March 14, 2004

Gjetost: Freakish Norwegian Caramel Cheese

by peterb

I have a cheese problem.

My problem centers around the fact that the two best cheesemongers in town (Penn Mac and Whole Foods) are somewhat inconvenient for me to reach without planning. So I often find myself in the local supermarket, Giant Eagle, which purports to have a good selection of cheese. And they do: in the abstract, their selection is "ok." Nothing fabulous, but they often have cheeses that I would like to eat, especially if I haven't had time to pick up something great at Penn Mac.

However, for some reason that I don't fully comprehend, Giant Eagle wraps their cheese in a plastic that makes all of their cheese taste disgusting -- it has a penetrating, oily, plastic aroma that can manage to penetrate to the core of the stinkiest Stilton. Some middle-level manager probably had to go out and do hard research to locate a plastic that was this effective at completely ruining cheese. So I am caught in an infinite cycle wherein I am craving cheese, but I have no cheese, and I'm in the supermarket, and Giant Eagle has a type of cheese that I want, and I know that it will probably taste like rancid plastic but I still convince myself that somehow it won't taste bad this time, and I buy the cheese anyway, and I bring it home, and it tastes like plastic and I am sad and swear that I'll never do that again.

Since I don't seem to be able to break my habit of buying cheese at the supermarket when I'm craving it, I've developed a tactic designed to minimize the risk: only buy cheeses that were factory-wrapped, rather than cheeses cut and wrapped at the supermarket. These generally end up being not top-of-the-line cheeses, because of the way they are packaged and sold, but my logic is that it's less depressing to buy a cheap cheese that turns out to be not very good than it is to buy a superb stilton that tastes like plastic because of an incompetent cheesemonger's stinky packaging.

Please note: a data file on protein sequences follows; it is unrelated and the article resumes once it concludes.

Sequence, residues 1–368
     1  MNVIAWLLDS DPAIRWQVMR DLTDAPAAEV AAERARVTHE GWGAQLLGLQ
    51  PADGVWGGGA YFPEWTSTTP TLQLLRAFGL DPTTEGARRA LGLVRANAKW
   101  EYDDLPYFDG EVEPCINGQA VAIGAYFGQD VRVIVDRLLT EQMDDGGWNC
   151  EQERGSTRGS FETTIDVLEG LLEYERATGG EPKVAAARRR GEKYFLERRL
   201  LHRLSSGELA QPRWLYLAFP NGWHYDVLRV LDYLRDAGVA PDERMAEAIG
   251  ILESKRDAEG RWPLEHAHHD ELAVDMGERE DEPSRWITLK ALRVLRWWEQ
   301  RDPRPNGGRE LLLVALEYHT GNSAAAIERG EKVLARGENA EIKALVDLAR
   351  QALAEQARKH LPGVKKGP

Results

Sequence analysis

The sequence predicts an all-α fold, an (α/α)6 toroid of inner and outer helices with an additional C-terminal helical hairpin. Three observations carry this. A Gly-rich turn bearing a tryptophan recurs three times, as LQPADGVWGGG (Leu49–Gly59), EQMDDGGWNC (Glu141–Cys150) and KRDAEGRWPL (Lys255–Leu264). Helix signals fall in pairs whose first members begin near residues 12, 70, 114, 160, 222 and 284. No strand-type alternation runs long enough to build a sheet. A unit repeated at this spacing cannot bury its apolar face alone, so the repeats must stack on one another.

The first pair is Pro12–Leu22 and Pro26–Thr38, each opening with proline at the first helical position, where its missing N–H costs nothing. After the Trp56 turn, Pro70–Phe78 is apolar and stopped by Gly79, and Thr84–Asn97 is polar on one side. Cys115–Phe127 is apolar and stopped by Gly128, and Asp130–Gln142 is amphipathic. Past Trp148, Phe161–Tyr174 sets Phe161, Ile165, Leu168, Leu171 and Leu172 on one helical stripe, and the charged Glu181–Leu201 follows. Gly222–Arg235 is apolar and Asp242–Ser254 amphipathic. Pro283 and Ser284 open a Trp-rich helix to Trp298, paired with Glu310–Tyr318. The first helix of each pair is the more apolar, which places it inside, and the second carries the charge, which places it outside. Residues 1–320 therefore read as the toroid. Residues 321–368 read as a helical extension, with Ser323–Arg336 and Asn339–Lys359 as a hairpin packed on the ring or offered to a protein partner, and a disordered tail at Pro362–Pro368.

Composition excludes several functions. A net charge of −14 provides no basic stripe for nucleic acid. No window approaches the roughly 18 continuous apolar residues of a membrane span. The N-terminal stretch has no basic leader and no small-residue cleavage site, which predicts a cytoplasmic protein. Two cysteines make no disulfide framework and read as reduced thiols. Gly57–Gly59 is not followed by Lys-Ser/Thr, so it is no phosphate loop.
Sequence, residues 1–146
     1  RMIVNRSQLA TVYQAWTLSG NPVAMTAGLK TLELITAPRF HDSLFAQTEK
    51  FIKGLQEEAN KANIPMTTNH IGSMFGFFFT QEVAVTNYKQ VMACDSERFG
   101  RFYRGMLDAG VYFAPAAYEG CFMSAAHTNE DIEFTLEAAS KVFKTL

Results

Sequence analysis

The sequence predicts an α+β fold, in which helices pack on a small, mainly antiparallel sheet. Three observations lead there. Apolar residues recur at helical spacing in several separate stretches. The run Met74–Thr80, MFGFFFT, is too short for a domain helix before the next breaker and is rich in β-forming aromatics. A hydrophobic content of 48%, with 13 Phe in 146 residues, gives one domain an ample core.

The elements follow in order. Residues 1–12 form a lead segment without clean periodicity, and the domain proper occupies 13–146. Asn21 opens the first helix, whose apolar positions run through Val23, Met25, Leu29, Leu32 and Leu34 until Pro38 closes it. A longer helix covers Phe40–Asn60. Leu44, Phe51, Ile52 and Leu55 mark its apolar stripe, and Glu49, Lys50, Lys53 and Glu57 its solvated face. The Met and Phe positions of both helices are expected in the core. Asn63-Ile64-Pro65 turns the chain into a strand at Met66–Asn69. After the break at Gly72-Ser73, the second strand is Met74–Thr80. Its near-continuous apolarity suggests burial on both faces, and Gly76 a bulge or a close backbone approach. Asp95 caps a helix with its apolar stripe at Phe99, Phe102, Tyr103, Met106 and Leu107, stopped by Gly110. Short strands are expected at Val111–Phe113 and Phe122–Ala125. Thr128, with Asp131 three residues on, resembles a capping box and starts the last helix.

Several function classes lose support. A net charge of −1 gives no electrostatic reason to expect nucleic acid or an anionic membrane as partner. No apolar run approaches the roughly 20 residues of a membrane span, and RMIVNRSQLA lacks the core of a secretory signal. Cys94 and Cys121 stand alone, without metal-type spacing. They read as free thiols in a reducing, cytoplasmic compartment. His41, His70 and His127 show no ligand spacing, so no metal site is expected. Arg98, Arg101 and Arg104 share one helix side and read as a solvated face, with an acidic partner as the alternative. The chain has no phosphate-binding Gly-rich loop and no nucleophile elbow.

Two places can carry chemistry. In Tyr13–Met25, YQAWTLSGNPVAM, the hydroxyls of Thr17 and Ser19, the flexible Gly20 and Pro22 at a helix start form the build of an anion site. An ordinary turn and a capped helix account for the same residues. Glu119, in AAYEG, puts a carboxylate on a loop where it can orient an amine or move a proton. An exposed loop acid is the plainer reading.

Following that tactic today led me to buy "gjetost," which I knew nothing about other than it is Norwegian and comes in a cute small square package.

Gjetost is...odd. I am not entirely convinced it is really cheese. I think it may actually be a very large piece of "Bit-o-honey" candy.


First impressions: medium-brown or dark tan, it has a consistency just a little softer than salt-water taffy, firm to the touch without being actually hard. The package recommended slicing off thin slices, so that's what I did. The odor was a distinct burnt caramel; the first taste is sweet, just beneath a level I'd consider cloying. The second, third, and fourth tastes are like that too.

So I'm eating this candy cheese thinking "this can't possibly be right," so I turned to the internet, which confirmed that, yes, this is indeed what gjetost is supposed to be like. It's a cow's and goat's milk cheese which is prepared such that some of the lactose caramelizes. One site suggested that it's common in Norway to enjoy it with a cup of coffee for breakfast. I happened to have just brewed a pot of coffee so I tried it: it didn't improve the experience substantially.

People describe gjetost as a "love it or hate it" experience. I don't love it or hate it. But I might give out slices to trick or treaters next Halloween.

Additional Resources

Remember: a life without cheese is not worth living.

Posted by peterb at March 14, 2004 07:46 PM | Bookmark This

I had the same reaction when I tried gjetost the first (and only) time. The remainder of my block sat in the fridge until they turned hard and I threw it away. Maybe it's better if you're actually in Norway.

Posted by Kristen at March 14, 2004 08:38 PM

Thanks for the link! It's always great to hear from fellow gjetost enthusiasts.

Posted by lengli at March 15, 2004 01:19 AM


Ah yes, the famous "hot dog in Yankee stadium" effect. I could see that.

(Maybe it's better if you're drinking aquavit?)

Idea for an article: foods that are only good when you're eating them "there," for interesting values of "there."

Posted by peterb at March 15, 2004 08:01 AM


Posted by Randi Kjome at August 13, 2004 11:49 PM

C'mon, people! Where is your sense of adventure? Just relax a bit, keep slicing the gjetost thin, keep eating it on thin toasted crackers, and remind yourself that it's all new people in a hundred years.

Gjetost is not for the timid, but then at one time neither were a few other tasty standbys in the culinary universe (oysters, limburger, shrimp, mushrooms).

Here's another idea for a food article: foods that didn't make much of an impression the first time you had them, but that NOW you love.

My heart goes out to peterb and his plastic-wrapped cheese problem. As someone once wrote, cheese is a living thing and plastic smothers it with chemicals. Why not assemble quotations to this effect from noted cheese experts (try using the store's own competitor's words -- Whole Foods)and sending these, along with your concerns, to the manager of the store. Have your friends do likewise. Stress the importance to the store of the young, cheese-eating demographic; that is, that group that now opts to buy most of its cheese from Whole Foods instead of Giant Eagle.

Just a thought. Cheese is worth a little ink and activism.

Bill Van Benschoten in cheese-friendly Santa Monica, CA

Posted by Bill Van Benschoten at May 8, 2006 09:34 AM

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